So lets put that together:

make i2c device
make atmosphere device
make pressure number
make temperature number

make altitude number
make seaLevelPressure number
make seaLevelTemperature number

make lcdi2c device
make message string

when start
.tell atmosphere to "read"
.set seaLevelPressure to pressure
.set seaLevelTemperature to temperature+273.15
.
.forever
..tell atmosphere to "read"
..broadcast calculateAltitude and wait
..set message to join "Temperature:" [ temperature ]
..tell lcdi2c to "show"
..set message to join "Pressure:" [ pressure*0.01 ]
..tell lcdi2c to "show"
..set message to join "Delta:" [ (pressure-seaLevelPressure)*0.01 ]
..tell lcdi2c to "show"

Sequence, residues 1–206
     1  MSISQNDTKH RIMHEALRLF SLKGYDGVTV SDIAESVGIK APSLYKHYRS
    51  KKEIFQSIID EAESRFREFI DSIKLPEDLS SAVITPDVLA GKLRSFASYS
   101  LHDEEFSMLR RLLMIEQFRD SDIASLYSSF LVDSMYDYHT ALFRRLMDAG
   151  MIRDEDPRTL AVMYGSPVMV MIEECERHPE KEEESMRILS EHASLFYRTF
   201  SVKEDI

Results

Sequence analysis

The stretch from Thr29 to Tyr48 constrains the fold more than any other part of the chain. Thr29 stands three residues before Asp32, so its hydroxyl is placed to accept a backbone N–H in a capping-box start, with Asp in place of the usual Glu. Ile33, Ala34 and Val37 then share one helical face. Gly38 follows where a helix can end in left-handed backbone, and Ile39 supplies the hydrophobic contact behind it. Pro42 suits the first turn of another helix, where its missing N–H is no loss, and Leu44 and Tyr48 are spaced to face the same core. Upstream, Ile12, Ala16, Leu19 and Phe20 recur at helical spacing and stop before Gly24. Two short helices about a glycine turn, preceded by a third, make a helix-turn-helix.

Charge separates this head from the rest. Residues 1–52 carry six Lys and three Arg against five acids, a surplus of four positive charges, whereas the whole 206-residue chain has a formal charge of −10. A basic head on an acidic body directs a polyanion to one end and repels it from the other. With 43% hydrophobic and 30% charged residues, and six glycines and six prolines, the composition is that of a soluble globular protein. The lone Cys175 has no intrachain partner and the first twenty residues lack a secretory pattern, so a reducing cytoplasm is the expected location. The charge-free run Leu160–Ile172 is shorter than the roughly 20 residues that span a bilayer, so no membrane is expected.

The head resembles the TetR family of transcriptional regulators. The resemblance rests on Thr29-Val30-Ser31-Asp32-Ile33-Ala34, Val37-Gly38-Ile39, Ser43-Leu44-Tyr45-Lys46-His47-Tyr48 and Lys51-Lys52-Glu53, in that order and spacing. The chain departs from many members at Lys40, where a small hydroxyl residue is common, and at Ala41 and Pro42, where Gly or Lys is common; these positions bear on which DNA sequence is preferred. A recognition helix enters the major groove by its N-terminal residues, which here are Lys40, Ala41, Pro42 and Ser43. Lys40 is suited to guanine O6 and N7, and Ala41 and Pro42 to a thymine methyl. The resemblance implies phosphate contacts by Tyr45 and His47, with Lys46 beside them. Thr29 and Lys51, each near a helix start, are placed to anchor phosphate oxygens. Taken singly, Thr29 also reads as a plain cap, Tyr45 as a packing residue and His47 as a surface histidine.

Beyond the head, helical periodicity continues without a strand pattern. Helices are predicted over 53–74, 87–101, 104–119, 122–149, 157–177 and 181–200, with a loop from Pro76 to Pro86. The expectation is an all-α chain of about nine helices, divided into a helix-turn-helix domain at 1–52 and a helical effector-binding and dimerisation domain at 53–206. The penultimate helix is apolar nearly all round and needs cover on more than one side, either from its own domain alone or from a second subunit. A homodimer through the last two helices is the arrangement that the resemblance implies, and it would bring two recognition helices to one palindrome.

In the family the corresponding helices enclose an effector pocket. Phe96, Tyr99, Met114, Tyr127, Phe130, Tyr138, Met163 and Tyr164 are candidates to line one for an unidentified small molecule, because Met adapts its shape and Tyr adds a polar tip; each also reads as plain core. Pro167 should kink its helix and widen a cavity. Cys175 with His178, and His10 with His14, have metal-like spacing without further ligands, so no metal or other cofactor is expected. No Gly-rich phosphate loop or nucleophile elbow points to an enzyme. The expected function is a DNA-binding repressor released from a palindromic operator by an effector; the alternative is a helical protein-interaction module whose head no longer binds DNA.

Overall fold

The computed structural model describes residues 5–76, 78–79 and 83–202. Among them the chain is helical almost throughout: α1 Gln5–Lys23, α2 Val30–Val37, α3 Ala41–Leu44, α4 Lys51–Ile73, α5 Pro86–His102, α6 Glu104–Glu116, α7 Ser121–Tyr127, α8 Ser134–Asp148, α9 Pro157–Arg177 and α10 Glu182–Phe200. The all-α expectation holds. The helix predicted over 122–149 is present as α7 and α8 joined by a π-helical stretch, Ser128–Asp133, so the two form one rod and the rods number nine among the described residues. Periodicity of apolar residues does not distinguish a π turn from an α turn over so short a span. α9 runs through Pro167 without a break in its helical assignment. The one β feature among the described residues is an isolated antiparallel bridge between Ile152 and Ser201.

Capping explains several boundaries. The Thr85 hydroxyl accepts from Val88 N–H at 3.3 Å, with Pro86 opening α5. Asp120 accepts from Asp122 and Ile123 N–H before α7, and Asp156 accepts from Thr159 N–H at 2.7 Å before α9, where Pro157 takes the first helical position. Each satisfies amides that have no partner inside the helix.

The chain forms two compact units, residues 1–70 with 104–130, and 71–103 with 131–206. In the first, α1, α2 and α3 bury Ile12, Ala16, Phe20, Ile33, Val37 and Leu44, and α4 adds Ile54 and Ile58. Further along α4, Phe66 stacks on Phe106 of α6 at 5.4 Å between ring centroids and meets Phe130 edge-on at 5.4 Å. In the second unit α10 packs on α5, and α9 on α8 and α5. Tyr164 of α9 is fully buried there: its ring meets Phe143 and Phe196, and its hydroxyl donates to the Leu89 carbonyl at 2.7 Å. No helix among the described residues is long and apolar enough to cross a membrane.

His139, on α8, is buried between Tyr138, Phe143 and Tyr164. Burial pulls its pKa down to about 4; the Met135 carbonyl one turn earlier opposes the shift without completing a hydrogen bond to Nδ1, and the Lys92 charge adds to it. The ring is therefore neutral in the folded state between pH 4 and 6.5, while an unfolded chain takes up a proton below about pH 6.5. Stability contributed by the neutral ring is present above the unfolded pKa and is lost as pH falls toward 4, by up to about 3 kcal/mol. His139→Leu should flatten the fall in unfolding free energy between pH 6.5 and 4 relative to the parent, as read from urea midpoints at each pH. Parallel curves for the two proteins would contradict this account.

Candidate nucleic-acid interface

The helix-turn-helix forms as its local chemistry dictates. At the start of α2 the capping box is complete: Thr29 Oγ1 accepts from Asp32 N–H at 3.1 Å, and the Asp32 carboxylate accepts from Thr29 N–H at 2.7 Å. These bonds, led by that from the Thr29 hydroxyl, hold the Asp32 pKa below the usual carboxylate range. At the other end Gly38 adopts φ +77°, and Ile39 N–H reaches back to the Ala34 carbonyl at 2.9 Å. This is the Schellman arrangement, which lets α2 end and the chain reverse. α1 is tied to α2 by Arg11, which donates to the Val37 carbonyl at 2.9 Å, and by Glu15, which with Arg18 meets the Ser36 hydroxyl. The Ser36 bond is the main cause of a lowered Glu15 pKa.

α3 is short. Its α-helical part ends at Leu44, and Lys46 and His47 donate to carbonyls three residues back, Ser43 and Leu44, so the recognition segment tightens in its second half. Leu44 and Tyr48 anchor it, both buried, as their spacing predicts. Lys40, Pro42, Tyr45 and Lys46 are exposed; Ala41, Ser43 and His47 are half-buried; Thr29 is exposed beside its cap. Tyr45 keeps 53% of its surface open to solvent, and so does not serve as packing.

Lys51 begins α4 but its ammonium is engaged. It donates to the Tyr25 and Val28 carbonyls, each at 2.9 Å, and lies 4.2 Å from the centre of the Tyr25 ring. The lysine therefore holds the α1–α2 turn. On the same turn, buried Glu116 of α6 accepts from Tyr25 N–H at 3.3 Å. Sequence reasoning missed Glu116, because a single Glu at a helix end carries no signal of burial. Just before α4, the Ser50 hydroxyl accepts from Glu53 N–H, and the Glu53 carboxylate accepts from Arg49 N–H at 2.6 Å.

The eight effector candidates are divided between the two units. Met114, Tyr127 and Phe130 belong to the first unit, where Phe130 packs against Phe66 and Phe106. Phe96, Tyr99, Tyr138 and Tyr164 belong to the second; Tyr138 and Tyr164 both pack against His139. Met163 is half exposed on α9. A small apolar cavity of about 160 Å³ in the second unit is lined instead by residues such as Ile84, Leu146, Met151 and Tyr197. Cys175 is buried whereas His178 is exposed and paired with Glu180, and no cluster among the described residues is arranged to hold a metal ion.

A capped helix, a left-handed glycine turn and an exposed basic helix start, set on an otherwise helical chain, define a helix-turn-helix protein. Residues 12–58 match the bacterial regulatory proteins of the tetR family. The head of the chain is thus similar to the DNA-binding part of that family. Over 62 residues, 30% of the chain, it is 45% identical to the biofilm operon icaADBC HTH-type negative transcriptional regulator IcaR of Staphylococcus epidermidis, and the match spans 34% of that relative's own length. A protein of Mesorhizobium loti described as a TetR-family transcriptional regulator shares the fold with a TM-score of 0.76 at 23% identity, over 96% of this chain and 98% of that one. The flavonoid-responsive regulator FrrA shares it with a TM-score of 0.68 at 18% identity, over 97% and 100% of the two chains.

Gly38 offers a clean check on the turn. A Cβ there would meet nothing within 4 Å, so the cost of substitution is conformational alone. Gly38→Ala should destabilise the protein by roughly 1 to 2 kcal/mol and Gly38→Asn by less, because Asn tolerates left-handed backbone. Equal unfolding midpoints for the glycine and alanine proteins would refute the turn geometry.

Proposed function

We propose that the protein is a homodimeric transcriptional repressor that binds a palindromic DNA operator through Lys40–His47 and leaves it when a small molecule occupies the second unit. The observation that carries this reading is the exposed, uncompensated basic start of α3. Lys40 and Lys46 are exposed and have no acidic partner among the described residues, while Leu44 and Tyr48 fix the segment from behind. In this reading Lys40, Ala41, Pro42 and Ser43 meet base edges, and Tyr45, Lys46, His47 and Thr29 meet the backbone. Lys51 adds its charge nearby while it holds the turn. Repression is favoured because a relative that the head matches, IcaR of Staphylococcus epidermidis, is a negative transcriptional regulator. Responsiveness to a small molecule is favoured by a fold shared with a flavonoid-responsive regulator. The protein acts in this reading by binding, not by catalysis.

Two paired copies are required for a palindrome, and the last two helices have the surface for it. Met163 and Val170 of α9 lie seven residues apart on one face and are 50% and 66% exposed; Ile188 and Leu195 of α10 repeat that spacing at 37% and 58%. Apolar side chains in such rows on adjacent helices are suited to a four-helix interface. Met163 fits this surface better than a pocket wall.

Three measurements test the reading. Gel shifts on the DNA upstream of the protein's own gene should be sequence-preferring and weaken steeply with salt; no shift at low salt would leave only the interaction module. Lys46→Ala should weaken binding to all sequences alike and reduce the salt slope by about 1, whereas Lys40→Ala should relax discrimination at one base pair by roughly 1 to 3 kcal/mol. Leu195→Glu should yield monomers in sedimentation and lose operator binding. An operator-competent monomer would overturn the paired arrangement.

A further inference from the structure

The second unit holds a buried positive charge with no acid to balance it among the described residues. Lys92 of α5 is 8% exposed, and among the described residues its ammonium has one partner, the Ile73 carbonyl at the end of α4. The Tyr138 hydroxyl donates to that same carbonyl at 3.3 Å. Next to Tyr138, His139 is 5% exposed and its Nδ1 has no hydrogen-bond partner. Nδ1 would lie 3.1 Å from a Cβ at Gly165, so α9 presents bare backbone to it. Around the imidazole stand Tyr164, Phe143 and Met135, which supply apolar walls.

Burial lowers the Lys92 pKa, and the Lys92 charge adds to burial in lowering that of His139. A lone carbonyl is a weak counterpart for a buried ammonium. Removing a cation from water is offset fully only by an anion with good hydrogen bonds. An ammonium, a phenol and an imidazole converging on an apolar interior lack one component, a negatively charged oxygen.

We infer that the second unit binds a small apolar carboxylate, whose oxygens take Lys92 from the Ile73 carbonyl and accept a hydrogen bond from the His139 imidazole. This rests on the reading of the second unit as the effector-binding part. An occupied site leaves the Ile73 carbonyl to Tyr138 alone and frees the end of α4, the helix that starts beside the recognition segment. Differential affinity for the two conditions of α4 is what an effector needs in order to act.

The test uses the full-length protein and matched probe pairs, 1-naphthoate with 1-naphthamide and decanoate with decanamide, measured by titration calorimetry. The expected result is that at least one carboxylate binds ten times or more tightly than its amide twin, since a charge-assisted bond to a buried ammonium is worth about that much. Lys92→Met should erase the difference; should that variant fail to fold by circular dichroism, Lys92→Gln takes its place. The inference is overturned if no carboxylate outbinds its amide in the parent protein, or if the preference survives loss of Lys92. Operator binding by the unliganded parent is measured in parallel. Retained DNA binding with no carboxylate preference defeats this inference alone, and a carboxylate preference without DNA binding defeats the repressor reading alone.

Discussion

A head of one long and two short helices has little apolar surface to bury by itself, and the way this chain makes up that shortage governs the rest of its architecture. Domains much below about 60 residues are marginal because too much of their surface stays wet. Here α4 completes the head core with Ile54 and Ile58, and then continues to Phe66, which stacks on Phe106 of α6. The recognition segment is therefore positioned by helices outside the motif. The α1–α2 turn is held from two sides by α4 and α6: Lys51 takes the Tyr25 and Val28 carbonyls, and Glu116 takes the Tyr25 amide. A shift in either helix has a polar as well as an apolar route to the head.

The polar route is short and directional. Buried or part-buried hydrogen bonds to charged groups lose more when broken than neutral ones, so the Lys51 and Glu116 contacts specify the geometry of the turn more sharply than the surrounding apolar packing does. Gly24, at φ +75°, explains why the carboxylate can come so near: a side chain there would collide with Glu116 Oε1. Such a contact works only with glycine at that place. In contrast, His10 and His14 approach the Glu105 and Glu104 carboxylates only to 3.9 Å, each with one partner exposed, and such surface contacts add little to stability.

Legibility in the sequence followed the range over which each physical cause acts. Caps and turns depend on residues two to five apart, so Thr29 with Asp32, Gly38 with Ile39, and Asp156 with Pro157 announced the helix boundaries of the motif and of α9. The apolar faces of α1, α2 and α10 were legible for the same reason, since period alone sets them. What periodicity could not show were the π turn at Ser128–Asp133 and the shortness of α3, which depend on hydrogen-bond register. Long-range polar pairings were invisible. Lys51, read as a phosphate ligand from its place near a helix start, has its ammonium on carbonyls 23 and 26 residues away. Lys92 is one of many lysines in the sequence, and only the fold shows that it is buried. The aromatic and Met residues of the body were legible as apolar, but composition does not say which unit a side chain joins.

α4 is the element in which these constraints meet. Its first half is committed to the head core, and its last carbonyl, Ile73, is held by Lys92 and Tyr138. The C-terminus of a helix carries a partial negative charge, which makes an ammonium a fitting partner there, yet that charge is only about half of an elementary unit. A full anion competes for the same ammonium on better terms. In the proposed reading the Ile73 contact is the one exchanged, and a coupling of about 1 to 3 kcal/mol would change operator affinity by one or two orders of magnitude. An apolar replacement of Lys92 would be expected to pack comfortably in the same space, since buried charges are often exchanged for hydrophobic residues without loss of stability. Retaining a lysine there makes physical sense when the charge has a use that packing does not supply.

..set message to join "Altitude:" [ altitude ]
..tell lcdi2c to "show"
..wait 1 secs



when calculateAltitude
.set altitude to seaLevelPressure/pressure
.set altitude to ln of altitude
.set altitude to altitude * 0.1903
.set altitude to e^ of altitude
.set altitude to seaLevelTemperature * (altitude-1)
.set altitude to altitude/0.0065

As the whole point is to measure changes in height we're going to need to move around, so I've added an LCD device. More specifically I've added an i2C lcd. Since we've already figured out i2c, adding a second i2c device is just a matter of plugging in the 4 wires and off we go.

And by off we go I mean we actually have to get up and walk around now! Plug the Arduino into a battery and its time to go collect some measurements.